A priority must be sustainable fresh-water management that addresses the present scarcity of drinking water in many regions of the world and the rapid expansion of this emerging water crisis. This water crisis is likely to be dramatically exacerbated by the impacts of climate change. The continuing erosion of soil must also stop to preserve the basis of agricultural production. A priority must be the phasing out of the alarming input of toxic substances into vital eco-systems as well as the human food chain. Reducing the waste of energy and natural resources due to irrational, counterproductive, unhealthy systems of processing, storage, transport, and consumption must become integral to future sustainable food production and consumption policies. Finally, future agricultural production must aim at reducing and ideally stopping present trends of unsustainable urbanization and development of mega-cities, which not only dramatically increase negative ecological impacts and destructive trends, but are also glaring high-risk hot spots of potential climate impacts on humanity.
International agreements such as the FAO Plant Genetic Resources for Food and Agriculture, and the Convention on Biological Diversity which recognizes the need to conserve biodiversity and defend farmersʼ rights, as well as national and sub-national laws that have upheld the rights of farmers to save, use, exchange, improve and develop seeds, need to be upheld and strengthened and made effective instruments to counter the growing corporate monopoly over seeds. It is at the local level that the new paradigm of seed is being formed. Communities are creating movements to save and share seeds and create alternatives to non- sustainable agriculture based on monocultures and monopolistic “intellectual property rights” over seed.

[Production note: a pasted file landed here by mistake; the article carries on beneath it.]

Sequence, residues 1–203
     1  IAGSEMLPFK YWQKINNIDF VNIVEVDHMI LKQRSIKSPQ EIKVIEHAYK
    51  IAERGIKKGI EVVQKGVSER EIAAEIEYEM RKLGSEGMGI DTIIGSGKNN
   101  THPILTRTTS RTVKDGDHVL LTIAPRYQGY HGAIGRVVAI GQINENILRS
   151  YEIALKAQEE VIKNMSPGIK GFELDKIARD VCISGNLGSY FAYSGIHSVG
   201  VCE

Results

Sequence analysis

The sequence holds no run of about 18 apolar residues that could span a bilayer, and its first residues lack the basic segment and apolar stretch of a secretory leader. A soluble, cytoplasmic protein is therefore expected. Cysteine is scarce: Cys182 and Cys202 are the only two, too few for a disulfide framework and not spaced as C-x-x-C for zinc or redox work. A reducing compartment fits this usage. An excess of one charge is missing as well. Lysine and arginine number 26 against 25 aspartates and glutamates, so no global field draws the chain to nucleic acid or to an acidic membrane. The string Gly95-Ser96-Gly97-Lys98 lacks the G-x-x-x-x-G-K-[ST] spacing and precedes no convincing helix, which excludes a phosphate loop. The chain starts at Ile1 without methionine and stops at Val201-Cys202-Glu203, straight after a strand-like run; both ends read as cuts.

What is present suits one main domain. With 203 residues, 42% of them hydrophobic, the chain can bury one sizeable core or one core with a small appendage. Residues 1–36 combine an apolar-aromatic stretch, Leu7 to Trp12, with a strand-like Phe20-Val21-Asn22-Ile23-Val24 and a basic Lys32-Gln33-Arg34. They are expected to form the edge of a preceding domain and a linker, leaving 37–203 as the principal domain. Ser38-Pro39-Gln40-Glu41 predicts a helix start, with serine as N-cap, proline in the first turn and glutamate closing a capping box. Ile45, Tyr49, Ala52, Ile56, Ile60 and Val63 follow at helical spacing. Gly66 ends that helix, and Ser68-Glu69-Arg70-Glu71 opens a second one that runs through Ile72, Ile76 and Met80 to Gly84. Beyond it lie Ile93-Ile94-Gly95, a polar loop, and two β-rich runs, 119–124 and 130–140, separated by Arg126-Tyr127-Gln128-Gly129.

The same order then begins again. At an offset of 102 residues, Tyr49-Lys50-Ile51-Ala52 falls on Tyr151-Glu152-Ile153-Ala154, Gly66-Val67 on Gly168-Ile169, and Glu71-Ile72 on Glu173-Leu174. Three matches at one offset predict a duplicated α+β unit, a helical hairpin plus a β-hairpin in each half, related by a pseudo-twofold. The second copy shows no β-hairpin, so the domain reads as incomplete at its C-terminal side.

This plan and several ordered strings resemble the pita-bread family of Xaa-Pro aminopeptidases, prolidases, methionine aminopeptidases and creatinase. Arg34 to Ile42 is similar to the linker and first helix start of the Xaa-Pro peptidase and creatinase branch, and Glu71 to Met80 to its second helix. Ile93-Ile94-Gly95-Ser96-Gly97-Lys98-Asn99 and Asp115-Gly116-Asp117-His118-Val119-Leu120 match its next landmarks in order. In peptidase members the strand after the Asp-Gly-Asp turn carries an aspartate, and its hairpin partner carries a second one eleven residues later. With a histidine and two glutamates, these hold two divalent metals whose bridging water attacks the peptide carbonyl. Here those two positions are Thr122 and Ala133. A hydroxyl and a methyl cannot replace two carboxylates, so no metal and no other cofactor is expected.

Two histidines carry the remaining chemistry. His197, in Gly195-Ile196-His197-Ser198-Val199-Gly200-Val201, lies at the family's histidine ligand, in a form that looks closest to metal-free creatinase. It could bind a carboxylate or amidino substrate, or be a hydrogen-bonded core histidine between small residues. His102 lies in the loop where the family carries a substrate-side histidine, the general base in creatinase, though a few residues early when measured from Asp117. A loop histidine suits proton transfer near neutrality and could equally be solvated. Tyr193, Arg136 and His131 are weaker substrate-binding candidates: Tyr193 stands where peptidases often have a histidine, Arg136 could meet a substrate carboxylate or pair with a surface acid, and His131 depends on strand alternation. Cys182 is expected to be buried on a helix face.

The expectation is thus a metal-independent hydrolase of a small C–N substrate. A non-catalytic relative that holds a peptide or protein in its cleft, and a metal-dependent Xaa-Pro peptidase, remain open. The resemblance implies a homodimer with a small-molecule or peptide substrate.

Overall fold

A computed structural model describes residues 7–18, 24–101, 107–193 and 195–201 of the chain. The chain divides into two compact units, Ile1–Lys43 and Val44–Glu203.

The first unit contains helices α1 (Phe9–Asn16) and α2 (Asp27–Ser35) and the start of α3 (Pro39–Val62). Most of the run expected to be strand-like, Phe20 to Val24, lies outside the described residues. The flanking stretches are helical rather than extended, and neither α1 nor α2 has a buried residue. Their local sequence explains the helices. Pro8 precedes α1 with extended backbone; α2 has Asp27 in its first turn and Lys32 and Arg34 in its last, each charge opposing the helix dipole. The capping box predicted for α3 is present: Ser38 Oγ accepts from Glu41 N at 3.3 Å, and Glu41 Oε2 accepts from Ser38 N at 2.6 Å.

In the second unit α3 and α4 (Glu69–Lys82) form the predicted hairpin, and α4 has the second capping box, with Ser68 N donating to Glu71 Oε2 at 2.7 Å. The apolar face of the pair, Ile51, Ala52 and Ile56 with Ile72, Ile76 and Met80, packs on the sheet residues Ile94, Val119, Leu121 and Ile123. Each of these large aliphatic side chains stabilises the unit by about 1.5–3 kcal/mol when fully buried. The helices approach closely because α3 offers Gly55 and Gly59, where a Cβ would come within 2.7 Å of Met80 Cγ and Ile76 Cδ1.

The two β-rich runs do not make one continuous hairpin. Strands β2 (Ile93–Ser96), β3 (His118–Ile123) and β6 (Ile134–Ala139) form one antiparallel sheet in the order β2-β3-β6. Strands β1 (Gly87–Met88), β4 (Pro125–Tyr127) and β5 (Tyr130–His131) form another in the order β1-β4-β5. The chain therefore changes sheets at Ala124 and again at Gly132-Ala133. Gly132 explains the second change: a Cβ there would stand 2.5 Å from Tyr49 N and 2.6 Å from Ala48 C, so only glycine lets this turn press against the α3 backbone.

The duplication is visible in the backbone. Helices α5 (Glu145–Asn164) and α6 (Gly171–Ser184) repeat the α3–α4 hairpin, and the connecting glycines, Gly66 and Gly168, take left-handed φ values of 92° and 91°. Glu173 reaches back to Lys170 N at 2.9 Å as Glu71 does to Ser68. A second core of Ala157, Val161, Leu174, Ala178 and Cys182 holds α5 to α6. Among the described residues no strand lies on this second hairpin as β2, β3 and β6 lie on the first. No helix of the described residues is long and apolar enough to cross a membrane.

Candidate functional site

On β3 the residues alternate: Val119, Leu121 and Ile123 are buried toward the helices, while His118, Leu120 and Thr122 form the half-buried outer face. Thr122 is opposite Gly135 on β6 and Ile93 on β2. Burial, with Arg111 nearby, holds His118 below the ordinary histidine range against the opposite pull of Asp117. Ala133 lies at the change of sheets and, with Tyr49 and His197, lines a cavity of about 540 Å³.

Part Three THE LAW OF SEED
Diversity, freedom and the enfolding potential and evolution of agriculture and humanity are core principles of the law of seed.
Diversity is our highest security. Diversification has been the most successful and widespread strategy of agricultural innovation and survival over the past 10,000 years. It increases the choice of options and the chances of adapting successfully to changing environmental conditions and human needs.
For these reasons and others, in contrast to the present trends towards mono-cultures and genetic erosion, diversity must once again become the overarching strategy of future seed development in the following ways:
- Diversity of Seed: There is immediate and urgent need to conserve seed diversity to expand the number of plants used for human nutrition as well as the number of varieties used in any single plant species. Reversing the dangerous trend of narrowing the diversity of plants used and the genetic diversity within plants is one of the most urgent calls to preserve humankindʼs options for the future and protect diversity.